Over 30,000 teachers in Quebec’s French-language school system are preparing to strike on September 30, and are expected to have two more strike days in October. Many of the English-language school boards that have held votes so far have also voted overwhelmingly in favour of a strike day. Both English- and French-language schools have suspended all teacher-run extracurriculars taking place outside of their contract hours. Over the past five years, the Liberal and Parti Québécois governments have cut nearly $800 million from education as part of broader austerity measures totalling $3.7 billion in cuts. The government’s current proposals will not only further undermine fair working conditions for teachers, but will also jeopardize equitable access to education for students. As students at an educational institution in Quebec that also suffers from austerity measures, we stand in solidarity with the teachers as they fight for their rights and the rights of students.
The Quebec government is planning to increase class sizes by up to nine students, which will deteriorate the quality of education in classrooms. Maximum class sizes were decreased by a previous Liberal government in 2010, but the same party now argues that reducing the class sizes has had no effect on educational outcomes. On the contrary, studies show that small classes lead to better performance and allow more resources to be devoted to students that face disadvantages based on race and class. Additionally, the government is proposing to no longer consider whether students have a learning disability when calculating class sizes, as well as to cut over 800 resource coordinator and special education teaching positions, withdrawing individual support from students with disabilities. Overall, already marginalized students will be disproportionately affected by the proposed changes.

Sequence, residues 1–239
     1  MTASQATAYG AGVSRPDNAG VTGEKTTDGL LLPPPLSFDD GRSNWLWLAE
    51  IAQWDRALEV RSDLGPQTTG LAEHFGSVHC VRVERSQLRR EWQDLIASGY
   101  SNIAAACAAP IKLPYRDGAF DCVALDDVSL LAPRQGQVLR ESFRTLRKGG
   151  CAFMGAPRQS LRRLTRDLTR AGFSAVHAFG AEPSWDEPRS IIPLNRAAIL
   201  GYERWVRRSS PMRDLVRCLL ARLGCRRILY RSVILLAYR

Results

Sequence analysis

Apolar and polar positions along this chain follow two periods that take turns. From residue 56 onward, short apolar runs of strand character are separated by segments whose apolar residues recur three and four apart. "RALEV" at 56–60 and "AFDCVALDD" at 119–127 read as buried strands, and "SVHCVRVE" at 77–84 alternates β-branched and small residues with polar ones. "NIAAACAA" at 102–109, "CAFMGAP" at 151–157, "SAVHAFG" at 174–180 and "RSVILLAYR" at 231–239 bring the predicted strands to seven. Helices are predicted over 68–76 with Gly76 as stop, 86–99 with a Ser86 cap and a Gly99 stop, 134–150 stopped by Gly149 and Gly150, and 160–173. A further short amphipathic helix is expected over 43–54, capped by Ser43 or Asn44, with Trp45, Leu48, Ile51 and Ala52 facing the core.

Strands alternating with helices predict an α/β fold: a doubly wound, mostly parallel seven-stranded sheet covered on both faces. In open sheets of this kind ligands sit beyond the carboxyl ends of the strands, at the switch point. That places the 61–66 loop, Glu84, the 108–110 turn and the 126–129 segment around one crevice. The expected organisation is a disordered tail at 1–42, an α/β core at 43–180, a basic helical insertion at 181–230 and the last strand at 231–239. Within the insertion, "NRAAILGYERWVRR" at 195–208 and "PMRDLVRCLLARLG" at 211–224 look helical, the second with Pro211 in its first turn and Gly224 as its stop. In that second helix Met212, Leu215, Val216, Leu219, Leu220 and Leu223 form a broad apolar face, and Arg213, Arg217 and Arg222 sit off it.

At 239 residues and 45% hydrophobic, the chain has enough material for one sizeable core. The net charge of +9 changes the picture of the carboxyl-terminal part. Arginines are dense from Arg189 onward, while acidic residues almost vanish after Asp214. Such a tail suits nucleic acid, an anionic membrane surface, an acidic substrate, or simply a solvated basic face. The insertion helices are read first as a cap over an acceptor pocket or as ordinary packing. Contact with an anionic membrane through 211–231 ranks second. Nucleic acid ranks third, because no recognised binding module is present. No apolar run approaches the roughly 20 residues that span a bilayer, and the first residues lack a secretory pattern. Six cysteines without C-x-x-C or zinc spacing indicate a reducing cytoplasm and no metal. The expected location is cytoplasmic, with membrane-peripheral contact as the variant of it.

Increasing class sizes combined with a lack of proper support for special needs education puts tremendous pressure on Quebec’s teachers, who are already overworked and among the lowest paid in the country. Worsening working conditions for teachers inevitably lead to a decreasing quality of education for students. Adding insult to injury, the government is proposing an extension of teachers’ contract hours from 32 to 35 per week without a salary increase – this in a context where many teachers already perform a number of non-remunerated tasks outside of their paid hours, such as providing extra help to students, leading extracurricular activities, and organizing events.
The teachers’ strike is not focused on salaries – part of a broader social movement against austerity, it is a response to the government’s deliberate and continuous attack on education and other public services. This is why, despite the inconvenience that a teachers’ strike would cause, many parents stand with teachers in their fight to preserve the quality of education, and have joined them to form human chains around schools in protest of the cuts. Uniquely positioned to defend investment in education, teachers merit our full support in their actions. Teachers and allies should not relent until these cuts are rolled back and the government has learned its lesson.
—The McGill Daily editorial board